Apathy on the part of the Municipal Corporation Jalandhar (MCJ) in registering pet dogs in the city is exposing both the residents and canines to hazards.
While on the one hand, some people treat their pets badly in the absence of a proper monitoring agency, on the other, the municipal authorities are left with few or no legal options if a person is bitten by a pet dog.
The only dog pound in the city is run by People for Animals (PFA), an NGO. Every year, it receives an average of 50-60 dogs that are abandoned by their owners.
Generally, owners abandon their sick and old dogs at the pound.
Aarti, a dog lover and owner from Model Town, said many people buy dogs just for the sake of owning one. They are not acquainted with the nuances of rearing a dog which in turn has a negative impact on the physical and psychological health of the animal.
Dog is a sensitive animal and is dependent on its master. Pet dogs of different breeds are prone to diseases and need constant medical attention and regular vaccination, especially for contagious diseases like rabies and parvovirus.
Many pet dogs in the city are not vaccinated on time, thus exposing them to critical diseases.
If the MC starts registration of dogs by following the guidelines laid under the Punjab Dog Bylaws passed in 2011, owners will have to keep a medical record of their pets.
“In case, a pet dog bites someone one can demand the vaccination record which will help clarify if the dog is rabid, thus saving a lot of time and money of the victim,” said Aarti.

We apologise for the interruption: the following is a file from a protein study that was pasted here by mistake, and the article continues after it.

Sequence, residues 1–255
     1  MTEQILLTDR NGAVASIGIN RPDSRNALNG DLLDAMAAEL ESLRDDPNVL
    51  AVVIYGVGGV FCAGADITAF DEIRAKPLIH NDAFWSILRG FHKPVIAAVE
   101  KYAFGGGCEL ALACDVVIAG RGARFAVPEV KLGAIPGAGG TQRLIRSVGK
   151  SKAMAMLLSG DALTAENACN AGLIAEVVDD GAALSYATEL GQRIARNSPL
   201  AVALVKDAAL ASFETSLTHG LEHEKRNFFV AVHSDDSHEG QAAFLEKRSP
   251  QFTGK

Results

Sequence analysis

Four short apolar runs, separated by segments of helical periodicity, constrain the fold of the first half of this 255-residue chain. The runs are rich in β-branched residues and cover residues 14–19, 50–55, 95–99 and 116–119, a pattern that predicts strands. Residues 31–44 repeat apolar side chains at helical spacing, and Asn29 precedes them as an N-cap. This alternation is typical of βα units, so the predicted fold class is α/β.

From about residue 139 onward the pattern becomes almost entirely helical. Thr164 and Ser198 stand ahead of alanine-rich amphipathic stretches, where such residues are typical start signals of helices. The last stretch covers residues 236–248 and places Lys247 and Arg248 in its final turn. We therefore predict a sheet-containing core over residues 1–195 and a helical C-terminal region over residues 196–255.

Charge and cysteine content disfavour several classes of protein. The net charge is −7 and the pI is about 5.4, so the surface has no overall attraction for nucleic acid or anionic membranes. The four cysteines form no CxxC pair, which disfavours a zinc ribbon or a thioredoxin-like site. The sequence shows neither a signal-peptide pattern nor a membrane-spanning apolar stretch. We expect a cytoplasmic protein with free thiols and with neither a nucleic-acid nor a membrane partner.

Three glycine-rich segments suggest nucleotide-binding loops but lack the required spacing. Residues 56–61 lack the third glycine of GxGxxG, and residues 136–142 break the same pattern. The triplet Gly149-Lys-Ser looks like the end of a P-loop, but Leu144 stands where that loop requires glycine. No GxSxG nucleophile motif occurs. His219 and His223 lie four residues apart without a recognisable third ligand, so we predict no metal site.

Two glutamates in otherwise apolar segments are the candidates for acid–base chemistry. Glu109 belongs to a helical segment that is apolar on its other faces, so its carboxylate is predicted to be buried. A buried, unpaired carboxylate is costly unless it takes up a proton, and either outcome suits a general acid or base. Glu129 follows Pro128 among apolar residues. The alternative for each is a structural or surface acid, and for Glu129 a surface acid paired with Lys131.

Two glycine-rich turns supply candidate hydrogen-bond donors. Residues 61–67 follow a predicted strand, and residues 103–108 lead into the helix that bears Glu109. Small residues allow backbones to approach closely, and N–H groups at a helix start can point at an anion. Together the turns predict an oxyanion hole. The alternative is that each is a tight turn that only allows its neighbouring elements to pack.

There are people who buy a dog but once the animal contracts some illness, they take it to a pound or abandon it in the absence of proper monitoring agency.
Dr Chander Bhushan of PFA said, “If there are proper checks and balances in place for pet dogs, many animals will be saved from getting abandoned. People come to me with their ill pets and lie so that the animal is kept in the dog pound. This is really sad as it takes a toll on the health of the animal.”
In the absence of implementation of the dog bylaws, both the animal and the person who get bitten are at risk. The recent incident in which a bull mastiff killed an eight-year-old might be a stray incident.
PFA members said the MC is least bothered about the issue of registering pet dogs or controlling the population of stray dogs.
The NGO had asked for a compound for keeping dogs about 10 years ago but nothing has been done by the MC till date.
“MC officials speak only when some mishap occurs. Soon after the issue fizzes out after a few days they stop bothering about the issue. In the absence of proper laws it is the animal and residents who are facing the brunt of uncontrolled dog population in the city,” said Dr Bhushan.